Combat is a simple but deadly, often a to-and-fro affair. Both characters and enemies are downed in a single hit, leading to lots of chin-stroking and a fair amount of stalemate situations… at least until you take the plunge and make that much needed heroic sacrifice. Your board pieces can switch between two different stances: linear movement where they can attack ahead, behind and to the sides, and diagonal movement where you’re left vulnerable. As your pieces advance, they paint the board red (while your enemies leave a trail of blue), which allows you can move more quickly and charge further forward.

There are also raised ground tiles, which allow you to shift between stances instantly. These introduce an element of area control, as you try to literally paint your opponent into a corner and outmaneuver them, eventually moving in for that swift finish. Depending on how you play these encounters, and what specific moves you make, it’s possible for one or more of your characters to develop and learn a unique ability, like being able to attack diagonally.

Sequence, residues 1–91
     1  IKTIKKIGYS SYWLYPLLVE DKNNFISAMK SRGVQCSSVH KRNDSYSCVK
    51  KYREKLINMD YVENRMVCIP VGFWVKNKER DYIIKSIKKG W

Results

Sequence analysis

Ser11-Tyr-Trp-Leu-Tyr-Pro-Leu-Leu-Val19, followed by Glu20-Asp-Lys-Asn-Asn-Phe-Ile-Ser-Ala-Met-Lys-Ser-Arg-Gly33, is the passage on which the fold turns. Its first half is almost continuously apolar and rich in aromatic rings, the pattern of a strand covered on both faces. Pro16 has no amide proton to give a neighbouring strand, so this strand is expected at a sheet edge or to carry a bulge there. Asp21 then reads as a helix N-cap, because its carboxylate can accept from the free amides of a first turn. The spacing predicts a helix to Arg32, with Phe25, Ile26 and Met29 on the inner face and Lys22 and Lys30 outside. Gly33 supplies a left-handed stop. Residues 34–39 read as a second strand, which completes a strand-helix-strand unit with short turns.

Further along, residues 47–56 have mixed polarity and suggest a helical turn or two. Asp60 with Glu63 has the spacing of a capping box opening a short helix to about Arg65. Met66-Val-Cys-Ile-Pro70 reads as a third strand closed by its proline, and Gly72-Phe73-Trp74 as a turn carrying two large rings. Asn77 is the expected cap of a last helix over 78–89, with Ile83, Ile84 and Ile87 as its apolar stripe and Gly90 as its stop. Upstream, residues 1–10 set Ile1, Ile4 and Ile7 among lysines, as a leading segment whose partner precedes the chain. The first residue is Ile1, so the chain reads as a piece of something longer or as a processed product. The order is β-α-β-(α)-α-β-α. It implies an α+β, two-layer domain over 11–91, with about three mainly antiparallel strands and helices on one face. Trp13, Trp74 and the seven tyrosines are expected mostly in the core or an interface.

Pendragon
Pendragon. Credit: Ewan Wilson / Inkle

Not every encounter on the board ends in violence. As you move characters around they converse with one another, and often there’s a certain amount of sizing each other up. This can lead to tense exchanges where you’re unsure of the intentions or allegiance of those you face. I’ve wandered too close to someone I thought was friendly and paid the price – but I’ve also won people over through words. It reminds me of Monkey Island’s infamous “insult sword-fighting”, as you dance around the board attempting to out-wit your opponent with logic, rhetoric and poetry.

As you make your way further North, winning people over and increasing your party size, it’s possible for a sense of hope to take hold. Of course, things can just as easily be wrecked, as the rations run thin and your morale is weakened, you’ll start on the board with diminished abilities. It’s easy for things to come crashing to a halt in Pendragon, with just a handful of fatal mistakes wiping your party out and bringing your grand odyssey to an all-too swift end.